Tarnas' first book was published in 1991, and was called The Passion of the Western Mind. I haven't read it, but it supposedly traced the whole history of Western thought from the presocratics through postmodernism. Quoting Santayana, and in the tradition of Carl Jung and Joseph Cambell, Tarnas finds himself within that immaculately ignored tradition of powerful thinking that resists and has been resisted by academia.
Think about that again for a moment: Skepticism is the chastity of the intellect. In Tarnas' opening chapters, he suggests that we are living in a kind of intellectual sea-change of the same magnitude as that represented by the Copernican revolution. He tells the story of those early astronomical reformers, and reminds us that Copernicus and his immediate followers were not hailed as the geniuses that history revealed them to be. Instead, they "wrote letters to each other across centuries," and they argued with the twin authorities of the church (which might be expected) and the general scientific community, who regarded a heliocentric theory as betraying the most fundamental of our sensory observations.
Tarnas challenges us to imagine the same kind of new thought emerging today. It would have to be described by politicians, by scientists, by academics, and by theologians -- by all of them, it would be dismissed as ridiculous. There would not be a vast and happy transformation over the course of 18 months; instead, this transformation might take centuries.
All of this makes me think about the prejudices of academics -- the ones that I have observed in others, of course (as I am blind to my own!). What things have academics not only disagreed with, but effectively refused to consider over the past decade? A tentative list:
- The possibility that personal "identity" is illusory and unimportant
- The ennobling potential of devout spirituality
- The prospect of an eternal universe (i.e., no Big Bang)
- Conservative economics
- "Essences," Truth (sg.), and authoritarianism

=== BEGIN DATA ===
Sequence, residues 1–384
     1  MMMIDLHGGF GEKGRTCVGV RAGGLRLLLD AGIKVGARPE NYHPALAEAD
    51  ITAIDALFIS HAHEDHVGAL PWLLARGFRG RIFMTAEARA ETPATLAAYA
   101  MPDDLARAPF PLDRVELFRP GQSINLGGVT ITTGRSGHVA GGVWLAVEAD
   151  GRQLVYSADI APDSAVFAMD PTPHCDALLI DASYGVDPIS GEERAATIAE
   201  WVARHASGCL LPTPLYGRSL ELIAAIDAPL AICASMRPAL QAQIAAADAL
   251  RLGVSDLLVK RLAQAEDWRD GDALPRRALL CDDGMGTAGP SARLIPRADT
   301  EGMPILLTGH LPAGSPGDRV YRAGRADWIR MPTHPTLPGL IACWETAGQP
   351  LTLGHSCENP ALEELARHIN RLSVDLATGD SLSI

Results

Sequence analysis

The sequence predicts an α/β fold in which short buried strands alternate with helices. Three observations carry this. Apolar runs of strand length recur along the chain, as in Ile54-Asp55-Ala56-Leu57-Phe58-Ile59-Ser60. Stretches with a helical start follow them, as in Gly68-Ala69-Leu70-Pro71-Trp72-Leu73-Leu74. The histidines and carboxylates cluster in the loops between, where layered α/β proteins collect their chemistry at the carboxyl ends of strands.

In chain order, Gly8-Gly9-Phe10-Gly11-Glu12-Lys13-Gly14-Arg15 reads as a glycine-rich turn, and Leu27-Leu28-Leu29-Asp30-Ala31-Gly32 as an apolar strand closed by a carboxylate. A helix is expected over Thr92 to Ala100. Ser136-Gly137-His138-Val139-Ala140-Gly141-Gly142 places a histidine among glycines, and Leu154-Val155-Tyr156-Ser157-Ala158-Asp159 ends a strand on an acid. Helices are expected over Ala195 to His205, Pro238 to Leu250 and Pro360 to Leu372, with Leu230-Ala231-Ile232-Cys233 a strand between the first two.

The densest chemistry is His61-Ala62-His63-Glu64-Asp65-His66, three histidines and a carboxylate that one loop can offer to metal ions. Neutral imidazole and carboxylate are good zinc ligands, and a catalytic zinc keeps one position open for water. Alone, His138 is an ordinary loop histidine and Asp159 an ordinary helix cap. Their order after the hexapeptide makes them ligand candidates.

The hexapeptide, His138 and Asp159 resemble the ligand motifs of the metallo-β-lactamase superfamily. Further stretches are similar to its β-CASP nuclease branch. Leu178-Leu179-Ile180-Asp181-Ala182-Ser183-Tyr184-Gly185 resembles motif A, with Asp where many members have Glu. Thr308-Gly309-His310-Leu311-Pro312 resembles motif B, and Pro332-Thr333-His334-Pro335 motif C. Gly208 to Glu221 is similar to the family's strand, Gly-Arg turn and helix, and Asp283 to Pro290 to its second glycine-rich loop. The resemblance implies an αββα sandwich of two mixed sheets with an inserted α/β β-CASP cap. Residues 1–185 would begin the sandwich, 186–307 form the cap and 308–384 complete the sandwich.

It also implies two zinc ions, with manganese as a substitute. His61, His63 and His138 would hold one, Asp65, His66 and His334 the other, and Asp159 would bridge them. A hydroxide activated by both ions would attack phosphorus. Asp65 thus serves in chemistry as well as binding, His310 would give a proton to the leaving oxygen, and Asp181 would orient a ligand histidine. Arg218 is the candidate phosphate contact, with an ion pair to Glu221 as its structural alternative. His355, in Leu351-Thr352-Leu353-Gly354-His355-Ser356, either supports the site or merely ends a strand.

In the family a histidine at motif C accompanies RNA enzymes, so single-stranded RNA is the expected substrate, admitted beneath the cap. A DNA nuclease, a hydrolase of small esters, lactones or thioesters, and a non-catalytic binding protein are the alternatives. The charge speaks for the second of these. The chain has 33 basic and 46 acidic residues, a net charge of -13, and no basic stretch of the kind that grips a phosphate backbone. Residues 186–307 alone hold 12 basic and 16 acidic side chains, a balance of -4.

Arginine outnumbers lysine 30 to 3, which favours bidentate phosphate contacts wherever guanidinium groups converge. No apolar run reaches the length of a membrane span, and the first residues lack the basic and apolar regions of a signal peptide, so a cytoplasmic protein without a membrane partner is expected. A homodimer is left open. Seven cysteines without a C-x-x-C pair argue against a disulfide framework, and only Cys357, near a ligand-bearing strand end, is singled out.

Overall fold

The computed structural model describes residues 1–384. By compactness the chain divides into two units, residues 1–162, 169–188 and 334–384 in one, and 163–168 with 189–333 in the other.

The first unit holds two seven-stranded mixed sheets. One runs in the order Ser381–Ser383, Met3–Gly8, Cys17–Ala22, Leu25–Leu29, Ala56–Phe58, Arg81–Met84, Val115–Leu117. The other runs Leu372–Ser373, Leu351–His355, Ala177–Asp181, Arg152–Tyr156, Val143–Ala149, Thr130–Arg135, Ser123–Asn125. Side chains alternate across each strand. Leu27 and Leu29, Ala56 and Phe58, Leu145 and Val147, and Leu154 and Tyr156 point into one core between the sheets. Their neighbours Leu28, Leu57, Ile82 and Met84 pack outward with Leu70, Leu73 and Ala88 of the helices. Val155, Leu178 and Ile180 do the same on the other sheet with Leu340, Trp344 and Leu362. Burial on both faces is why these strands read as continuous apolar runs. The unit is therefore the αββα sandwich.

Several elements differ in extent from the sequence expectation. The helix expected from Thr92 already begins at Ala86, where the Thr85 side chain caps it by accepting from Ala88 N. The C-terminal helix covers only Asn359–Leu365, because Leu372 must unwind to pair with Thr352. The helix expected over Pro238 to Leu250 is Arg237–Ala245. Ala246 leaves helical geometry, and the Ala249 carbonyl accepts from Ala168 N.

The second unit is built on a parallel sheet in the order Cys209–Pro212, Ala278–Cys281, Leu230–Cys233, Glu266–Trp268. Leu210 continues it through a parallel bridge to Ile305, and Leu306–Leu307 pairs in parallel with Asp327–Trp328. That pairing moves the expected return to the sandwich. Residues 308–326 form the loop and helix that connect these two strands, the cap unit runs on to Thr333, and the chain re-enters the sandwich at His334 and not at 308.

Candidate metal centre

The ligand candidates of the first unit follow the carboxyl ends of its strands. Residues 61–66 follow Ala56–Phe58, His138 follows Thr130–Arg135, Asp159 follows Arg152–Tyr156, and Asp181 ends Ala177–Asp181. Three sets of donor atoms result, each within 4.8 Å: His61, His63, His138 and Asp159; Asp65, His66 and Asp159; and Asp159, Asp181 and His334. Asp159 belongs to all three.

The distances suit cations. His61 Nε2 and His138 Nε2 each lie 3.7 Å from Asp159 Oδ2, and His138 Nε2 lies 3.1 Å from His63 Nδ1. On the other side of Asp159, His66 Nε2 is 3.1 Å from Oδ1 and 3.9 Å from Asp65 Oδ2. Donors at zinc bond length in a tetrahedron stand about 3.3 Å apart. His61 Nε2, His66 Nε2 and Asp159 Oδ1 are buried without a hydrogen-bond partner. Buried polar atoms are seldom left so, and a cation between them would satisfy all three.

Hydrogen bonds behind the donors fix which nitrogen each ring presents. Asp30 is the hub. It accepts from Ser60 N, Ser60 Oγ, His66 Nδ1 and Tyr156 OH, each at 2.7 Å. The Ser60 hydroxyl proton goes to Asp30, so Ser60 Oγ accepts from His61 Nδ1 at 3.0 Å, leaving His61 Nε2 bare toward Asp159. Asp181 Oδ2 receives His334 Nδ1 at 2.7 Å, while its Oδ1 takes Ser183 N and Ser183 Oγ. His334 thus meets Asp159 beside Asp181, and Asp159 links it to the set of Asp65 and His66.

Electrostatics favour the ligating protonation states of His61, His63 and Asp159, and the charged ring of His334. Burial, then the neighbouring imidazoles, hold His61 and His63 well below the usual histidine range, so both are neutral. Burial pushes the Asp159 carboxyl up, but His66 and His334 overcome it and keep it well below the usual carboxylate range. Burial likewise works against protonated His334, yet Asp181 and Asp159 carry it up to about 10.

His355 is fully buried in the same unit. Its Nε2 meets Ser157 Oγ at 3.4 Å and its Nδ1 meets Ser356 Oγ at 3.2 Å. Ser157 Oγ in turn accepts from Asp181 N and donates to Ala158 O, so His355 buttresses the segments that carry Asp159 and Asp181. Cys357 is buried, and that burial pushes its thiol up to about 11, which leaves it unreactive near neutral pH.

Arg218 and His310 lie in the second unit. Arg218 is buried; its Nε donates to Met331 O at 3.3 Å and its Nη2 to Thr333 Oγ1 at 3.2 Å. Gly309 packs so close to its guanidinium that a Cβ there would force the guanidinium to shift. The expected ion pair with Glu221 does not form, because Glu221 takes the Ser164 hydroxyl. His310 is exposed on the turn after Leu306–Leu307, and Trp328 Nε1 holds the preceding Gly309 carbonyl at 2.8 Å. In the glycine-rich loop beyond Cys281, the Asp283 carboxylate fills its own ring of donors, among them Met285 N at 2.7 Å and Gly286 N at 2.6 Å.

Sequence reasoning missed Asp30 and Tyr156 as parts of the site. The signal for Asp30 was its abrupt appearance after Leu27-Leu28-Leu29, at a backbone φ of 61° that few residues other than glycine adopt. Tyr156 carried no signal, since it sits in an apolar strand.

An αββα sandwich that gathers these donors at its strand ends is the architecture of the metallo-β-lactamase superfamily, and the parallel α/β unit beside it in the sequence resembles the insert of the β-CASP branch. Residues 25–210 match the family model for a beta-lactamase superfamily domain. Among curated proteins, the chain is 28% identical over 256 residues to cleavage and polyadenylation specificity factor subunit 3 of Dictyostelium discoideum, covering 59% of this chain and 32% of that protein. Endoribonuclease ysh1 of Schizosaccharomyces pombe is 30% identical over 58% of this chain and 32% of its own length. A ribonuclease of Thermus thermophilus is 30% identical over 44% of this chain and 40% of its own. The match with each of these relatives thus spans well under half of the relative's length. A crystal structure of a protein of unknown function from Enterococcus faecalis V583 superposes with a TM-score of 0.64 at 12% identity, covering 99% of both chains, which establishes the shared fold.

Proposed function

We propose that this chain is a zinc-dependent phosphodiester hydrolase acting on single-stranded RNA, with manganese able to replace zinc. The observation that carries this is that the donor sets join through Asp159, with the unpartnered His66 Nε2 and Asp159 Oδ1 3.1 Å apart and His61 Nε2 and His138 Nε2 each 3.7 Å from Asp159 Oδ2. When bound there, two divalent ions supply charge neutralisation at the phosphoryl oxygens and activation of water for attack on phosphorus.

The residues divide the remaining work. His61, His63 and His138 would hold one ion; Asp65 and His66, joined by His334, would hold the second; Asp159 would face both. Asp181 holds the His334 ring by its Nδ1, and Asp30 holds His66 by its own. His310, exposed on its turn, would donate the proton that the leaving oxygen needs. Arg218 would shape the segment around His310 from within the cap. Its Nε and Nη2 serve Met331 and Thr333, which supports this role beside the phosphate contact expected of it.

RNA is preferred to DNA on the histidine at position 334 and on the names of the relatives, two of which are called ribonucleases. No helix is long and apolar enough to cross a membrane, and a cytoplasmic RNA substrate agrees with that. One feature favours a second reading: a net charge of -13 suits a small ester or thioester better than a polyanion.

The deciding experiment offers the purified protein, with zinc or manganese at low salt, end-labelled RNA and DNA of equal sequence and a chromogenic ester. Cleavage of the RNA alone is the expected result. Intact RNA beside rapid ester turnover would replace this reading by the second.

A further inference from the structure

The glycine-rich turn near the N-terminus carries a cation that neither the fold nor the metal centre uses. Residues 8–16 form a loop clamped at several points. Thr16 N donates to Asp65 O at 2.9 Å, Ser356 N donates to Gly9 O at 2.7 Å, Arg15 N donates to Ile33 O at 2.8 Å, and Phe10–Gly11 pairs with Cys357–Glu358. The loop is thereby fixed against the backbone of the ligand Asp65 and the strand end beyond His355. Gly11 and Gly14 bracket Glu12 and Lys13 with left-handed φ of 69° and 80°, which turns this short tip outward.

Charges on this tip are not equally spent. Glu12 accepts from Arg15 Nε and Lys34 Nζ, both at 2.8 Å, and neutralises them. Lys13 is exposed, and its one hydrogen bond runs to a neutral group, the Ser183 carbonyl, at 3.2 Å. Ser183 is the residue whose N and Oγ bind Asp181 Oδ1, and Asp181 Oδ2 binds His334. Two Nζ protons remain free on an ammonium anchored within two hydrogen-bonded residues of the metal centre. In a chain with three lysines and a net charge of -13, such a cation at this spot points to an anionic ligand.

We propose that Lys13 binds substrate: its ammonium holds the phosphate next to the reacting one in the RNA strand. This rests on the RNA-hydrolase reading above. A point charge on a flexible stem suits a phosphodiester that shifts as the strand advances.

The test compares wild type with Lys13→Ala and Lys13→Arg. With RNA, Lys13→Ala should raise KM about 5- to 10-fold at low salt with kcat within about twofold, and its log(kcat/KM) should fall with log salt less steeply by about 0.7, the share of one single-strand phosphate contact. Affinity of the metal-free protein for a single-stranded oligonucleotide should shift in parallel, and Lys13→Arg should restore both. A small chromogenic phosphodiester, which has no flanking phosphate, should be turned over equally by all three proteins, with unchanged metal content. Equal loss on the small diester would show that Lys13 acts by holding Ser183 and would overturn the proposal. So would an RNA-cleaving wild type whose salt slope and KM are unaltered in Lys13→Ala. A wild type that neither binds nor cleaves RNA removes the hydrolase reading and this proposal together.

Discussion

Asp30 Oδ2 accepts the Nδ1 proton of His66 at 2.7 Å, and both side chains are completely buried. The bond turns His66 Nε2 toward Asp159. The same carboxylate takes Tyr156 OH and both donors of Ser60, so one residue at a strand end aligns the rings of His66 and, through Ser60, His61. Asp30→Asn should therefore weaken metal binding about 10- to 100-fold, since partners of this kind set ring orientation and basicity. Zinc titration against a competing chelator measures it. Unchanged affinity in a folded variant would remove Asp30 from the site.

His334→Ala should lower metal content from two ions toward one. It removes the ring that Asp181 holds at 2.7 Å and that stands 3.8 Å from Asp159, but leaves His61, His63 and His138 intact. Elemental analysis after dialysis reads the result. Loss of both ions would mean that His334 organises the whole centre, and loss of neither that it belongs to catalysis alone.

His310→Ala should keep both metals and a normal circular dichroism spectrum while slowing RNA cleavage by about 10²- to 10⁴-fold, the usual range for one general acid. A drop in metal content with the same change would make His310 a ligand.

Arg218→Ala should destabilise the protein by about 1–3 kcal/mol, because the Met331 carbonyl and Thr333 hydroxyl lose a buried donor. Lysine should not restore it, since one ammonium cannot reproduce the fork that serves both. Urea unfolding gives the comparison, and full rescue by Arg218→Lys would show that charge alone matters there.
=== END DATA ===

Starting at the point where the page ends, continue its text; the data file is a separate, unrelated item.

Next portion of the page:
- That "Progress" is a myth (note: postmodern theorists love to claim that they believe progress is a myth, but I've seen almost none of them [in academia] behave accordingly -- that is, renounce the notions of better Justice and intellectual superiority that seem to come naturally with history -- that is, most graduate students think they are more knowing than Plato because they've read Derrida, who came "after" Plato in historical terms)
- That astrology is the product of ancient wisdom rather than superstition
- That the mind is not entirely physiological -- i.e., that Prozac is/has been a con
- That sexuality is a not genetic matter
- That man-made global warming is an overall positive
Of course, this is a list composed mostly of my own observations, and probably is the result of my own biases and prejudices. Feel free to call me out: what do I refuse to consider? What about you? Have you remained chaste so long that you've forgotten how to give yourself over, making chastity itself a hollow act of dead piety? Are the words of the prophets really written on the subway walls and tenement halls, and not in Philological Quarterly? Have you scoffed at our time's Copernicus?
For good measure, here's a YouTube video of Harvard Professor Richard Tarnas speaking as the keynote at a conference on astrology (yes, astrology, not astronomy):